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'Pingdemic' alerts telling app users to self-isolate drop 43% in a week
5 August 2021, 11:00 | Updated: 5 August 2021, 11:09
The number of people being told to self-isolate by the NHS Covid app has fallen dramatically.
A total of 395,971 alerts were sent in the week to July 28 telling people in England and Wales that they had been in close contact with someone who had tested positive for coronavirus.
This is down 43% on the previous week when 690,129 alerts were sent on the app, Government figures show.
Earlier this week it was announced that the app is being updated so fewer contacts will be instructed to isolate after an increase in people being pinged since lockdown restrictions ended - a so-called "pingdemic".
Health and Social Care Secretary Sajid Javid said the "logic" behind the app is being tweaked, although the sensitivity and risk threshold will remain unchanged.
Instead of checking contacts for five days before a positive test, the app will only go back two days.
Mike Tildesley, a member of the Scientific Pandemic Influenza Modelling group (Spi-M) advising ministers, described the app as "incredibly useful", despite large numbers of people being asked to isolate.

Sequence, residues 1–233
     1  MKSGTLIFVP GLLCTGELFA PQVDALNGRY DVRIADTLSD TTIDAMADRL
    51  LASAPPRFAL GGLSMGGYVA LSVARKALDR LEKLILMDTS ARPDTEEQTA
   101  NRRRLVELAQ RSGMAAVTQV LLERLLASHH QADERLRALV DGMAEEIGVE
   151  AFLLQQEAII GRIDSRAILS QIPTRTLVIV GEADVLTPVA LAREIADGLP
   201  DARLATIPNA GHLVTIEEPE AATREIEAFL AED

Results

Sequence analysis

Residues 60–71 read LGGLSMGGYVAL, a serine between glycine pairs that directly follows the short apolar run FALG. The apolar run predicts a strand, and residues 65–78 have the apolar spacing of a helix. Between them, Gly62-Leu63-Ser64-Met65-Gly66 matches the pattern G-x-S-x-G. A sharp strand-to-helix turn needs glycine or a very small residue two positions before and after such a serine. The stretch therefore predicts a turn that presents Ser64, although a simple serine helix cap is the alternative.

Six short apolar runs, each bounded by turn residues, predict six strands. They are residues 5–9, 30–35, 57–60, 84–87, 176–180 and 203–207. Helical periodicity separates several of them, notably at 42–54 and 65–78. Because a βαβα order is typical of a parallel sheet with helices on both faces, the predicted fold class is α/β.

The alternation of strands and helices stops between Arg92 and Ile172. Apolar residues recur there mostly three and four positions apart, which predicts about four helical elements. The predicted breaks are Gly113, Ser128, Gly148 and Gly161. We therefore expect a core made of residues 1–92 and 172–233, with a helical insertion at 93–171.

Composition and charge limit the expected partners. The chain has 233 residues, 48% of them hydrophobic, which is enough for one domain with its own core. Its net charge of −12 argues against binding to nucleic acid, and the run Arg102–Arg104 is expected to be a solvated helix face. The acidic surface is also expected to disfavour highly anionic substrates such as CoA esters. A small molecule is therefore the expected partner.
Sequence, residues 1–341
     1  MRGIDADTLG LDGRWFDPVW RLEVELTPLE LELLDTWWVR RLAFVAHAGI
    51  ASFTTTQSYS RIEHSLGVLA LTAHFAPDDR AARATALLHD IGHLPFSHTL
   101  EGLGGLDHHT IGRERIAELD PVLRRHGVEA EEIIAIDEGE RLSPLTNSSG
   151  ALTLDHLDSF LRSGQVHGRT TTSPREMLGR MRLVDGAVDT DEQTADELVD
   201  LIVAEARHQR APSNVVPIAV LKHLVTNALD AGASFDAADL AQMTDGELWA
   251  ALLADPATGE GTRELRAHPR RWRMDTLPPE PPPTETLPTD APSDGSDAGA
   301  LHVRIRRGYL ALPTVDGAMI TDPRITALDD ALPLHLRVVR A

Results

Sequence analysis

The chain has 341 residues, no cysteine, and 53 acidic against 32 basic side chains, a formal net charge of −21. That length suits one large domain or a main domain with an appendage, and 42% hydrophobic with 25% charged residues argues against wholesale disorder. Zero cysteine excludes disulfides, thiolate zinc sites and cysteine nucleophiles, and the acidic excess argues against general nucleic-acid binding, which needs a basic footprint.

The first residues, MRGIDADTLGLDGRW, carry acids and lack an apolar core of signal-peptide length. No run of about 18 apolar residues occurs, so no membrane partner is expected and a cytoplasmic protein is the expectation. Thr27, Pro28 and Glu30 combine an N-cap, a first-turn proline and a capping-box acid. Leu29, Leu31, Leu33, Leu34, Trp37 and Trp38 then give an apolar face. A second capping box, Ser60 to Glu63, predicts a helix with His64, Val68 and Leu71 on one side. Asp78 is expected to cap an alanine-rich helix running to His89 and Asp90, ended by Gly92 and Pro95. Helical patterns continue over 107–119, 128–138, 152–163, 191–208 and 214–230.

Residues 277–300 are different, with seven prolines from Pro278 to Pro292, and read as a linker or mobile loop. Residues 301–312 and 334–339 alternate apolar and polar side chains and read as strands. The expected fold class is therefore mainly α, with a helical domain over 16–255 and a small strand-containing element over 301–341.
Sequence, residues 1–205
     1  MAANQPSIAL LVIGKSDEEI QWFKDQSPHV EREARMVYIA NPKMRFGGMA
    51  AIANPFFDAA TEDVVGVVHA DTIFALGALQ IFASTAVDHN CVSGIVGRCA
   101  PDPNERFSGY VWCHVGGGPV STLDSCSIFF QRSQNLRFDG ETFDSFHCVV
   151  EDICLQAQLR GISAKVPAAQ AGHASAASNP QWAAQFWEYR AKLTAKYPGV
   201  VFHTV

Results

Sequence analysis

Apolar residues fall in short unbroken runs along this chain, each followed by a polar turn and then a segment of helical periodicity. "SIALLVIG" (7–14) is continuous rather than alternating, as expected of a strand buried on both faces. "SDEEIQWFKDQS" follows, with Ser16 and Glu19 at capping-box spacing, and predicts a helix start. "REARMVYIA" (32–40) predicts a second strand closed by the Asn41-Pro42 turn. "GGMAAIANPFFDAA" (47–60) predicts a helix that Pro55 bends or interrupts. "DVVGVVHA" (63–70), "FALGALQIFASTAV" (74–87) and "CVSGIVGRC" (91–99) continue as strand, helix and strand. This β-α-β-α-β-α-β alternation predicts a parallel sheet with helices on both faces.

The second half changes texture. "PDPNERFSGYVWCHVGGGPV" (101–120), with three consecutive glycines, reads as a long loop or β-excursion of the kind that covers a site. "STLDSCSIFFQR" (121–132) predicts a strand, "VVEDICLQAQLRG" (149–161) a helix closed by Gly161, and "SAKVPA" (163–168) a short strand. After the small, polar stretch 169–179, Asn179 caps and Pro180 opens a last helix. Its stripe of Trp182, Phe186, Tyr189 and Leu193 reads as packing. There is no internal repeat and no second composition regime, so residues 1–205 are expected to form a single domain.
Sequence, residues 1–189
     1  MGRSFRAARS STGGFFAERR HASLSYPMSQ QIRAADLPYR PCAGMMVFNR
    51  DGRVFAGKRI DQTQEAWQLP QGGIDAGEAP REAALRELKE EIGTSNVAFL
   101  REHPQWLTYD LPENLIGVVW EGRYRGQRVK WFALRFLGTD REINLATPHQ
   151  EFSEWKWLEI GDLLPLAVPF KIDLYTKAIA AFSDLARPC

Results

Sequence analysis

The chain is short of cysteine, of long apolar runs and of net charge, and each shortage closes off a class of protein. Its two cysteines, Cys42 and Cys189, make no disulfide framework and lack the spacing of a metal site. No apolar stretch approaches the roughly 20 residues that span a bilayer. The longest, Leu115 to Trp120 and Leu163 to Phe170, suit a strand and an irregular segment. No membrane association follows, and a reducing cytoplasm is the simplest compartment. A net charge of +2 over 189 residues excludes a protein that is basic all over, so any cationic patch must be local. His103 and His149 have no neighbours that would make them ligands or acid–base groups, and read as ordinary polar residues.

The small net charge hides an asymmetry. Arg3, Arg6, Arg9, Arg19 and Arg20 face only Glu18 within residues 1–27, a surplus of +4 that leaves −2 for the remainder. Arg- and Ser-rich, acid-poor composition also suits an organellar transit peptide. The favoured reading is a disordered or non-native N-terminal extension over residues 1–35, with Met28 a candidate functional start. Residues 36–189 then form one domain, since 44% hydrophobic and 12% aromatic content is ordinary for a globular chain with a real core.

He told Sky News: "I know there have been some challenges in terms of particularly at the moment the so-called 'pingdemic', but in terms of being able to detect contact, it has been extremely valuable.
"Obviously the challenge with that is that a lot of people are going into isolation and over the last few days the app has been made less sensitive."
Dr Tildesley said there is a worry that if too many people are pinged, fewer may be willing to comply, but he added that the tweak will "hopefully guarantee higher levels of compliance".